Deal with the cause.
Stop Assad’s terror.
Impose no-fly zones.
And you won’t have refugees.
pic.twitter.com/rsvKPEvya9

Here are the figures----

300,000 killed inside Syria--large number of children and women
3M refugees on the move outside of Syria
1.5M IDPs inside Syria
chemical weapons used and now chlorine being used

Some might in fact call this genocide in some parts of the world.

Also if Obama and his NSC could jump over their on created shadows there are other solutions on the ground OTHER than Russia who is largely responsible of the figures above.

Contact with Jaish al-Islam in Damascus suburbs can further US goals says @FaysalItani http://buff.ly/1hyql57 @acmideast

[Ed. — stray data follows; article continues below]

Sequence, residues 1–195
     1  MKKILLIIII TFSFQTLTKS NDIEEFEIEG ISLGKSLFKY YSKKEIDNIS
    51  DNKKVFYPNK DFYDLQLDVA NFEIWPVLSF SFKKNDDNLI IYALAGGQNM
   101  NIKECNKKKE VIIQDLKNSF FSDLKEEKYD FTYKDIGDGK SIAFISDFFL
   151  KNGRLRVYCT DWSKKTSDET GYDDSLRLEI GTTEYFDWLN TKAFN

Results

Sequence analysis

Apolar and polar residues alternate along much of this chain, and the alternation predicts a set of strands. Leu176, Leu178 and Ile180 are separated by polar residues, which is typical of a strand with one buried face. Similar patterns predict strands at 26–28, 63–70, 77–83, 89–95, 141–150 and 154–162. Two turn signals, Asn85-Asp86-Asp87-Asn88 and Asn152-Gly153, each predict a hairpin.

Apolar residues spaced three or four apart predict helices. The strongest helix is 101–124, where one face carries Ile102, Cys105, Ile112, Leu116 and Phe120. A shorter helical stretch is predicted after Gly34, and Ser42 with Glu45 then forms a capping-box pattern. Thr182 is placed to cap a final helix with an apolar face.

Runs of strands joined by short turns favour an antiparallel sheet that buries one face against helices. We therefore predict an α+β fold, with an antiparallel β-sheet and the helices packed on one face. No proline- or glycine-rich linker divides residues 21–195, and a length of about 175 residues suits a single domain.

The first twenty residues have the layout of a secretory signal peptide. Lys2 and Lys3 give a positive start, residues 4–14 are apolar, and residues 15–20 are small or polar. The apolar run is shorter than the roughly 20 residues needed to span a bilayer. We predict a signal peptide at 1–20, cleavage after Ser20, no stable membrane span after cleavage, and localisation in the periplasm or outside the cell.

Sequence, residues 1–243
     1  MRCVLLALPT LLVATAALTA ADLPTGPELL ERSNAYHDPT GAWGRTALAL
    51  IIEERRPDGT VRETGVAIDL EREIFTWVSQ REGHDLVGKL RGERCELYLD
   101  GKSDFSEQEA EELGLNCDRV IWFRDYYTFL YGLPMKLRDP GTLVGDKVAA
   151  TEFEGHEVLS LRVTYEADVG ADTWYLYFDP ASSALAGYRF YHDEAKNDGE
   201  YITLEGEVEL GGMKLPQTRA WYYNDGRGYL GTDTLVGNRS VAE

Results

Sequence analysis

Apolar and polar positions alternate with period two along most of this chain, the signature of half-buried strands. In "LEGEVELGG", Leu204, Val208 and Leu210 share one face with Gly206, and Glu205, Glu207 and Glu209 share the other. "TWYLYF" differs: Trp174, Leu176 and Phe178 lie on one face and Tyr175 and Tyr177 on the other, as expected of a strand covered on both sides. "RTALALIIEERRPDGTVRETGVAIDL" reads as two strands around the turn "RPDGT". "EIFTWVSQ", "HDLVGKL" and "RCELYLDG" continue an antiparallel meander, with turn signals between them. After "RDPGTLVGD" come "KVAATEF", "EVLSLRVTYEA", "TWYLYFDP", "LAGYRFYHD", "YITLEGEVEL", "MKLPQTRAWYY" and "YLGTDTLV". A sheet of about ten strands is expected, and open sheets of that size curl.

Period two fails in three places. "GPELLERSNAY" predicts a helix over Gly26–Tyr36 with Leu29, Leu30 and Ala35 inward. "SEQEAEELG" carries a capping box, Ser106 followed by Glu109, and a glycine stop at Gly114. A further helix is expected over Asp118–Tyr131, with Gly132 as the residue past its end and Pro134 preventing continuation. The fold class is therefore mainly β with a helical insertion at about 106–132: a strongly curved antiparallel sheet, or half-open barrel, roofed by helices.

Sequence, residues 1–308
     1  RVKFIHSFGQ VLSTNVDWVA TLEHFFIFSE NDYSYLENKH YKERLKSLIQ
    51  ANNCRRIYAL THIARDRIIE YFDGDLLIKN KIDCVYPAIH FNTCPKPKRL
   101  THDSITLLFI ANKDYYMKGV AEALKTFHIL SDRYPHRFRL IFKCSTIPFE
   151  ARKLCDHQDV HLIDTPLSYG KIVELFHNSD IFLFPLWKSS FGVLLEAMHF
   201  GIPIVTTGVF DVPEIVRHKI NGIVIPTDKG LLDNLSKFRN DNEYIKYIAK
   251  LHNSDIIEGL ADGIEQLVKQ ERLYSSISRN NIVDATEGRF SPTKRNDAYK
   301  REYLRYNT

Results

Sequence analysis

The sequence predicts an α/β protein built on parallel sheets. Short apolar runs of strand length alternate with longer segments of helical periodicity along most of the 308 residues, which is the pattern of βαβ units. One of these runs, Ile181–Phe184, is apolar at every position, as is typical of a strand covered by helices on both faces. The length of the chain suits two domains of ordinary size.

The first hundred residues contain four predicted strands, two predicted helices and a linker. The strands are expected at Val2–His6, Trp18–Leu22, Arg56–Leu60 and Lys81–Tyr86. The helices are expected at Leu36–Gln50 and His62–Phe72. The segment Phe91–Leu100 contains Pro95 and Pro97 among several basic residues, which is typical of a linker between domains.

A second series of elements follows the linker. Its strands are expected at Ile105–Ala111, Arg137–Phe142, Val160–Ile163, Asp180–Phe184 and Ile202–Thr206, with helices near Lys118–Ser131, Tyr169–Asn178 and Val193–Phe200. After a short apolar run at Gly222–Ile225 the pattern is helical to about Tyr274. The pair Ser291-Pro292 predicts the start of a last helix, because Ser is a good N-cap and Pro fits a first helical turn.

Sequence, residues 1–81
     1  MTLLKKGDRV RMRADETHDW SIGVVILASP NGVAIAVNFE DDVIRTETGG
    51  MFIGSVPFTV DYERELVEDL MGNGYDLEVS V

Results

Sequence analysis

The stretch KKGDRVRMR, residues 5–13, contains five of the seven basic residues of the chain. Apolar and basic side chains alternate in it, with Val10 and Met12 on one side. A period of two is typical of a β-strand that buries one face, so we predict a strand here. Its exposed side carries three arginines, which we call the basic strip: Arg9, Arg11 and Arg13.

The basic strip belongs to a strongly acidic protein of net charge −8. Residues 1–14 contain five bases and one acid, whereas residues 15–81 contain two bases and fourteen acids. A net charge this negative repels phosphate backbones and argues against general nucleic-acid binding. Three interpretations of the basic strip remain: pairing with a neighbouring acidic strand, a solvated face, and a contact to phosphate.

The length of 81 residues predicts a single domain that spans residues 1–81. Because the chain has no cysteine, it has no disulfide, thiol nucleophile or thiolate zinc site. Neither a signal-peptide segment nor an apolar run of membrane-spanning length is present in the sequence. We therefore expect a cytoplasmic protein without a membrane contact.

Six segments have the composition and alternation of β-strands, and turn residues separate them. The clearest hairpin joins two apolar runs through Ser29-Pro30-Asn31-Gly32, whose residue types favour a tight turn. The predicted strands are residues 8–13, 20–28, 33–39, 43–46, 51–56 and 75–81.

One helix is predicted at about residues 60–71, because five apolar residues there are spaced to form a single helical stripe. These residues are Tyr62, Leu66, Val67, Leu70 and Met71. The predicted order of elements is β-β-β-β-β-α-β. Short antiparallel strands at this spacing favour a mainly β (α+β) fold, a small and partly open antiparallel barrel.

Despite of all the info flowing about Syrians and Europe--most stay in the following five countries.

Interactive map shows the Syrian #refugeecrisis by the numbers http://mashable.com/2015/09/05/syrian-refugees-europe/#:eyJzIjoidCIsImk… … via @mashable

Outlaw 09

Sat, 09/05/2015 - 1:28am

In reply to by Bill C.

Sometimes the strength of a civil society under duress is an inherent dignity we do no see.

The Syrian civil society attempted to stand up to an outright dictator of an minority who attempted and is still attempting to control a 70% majority via bombs, torture and brutalities not seen in many years AND largely ignored by western mainstream media and western leaders as long as it did not disturb their other agendas like creating one's own legacy.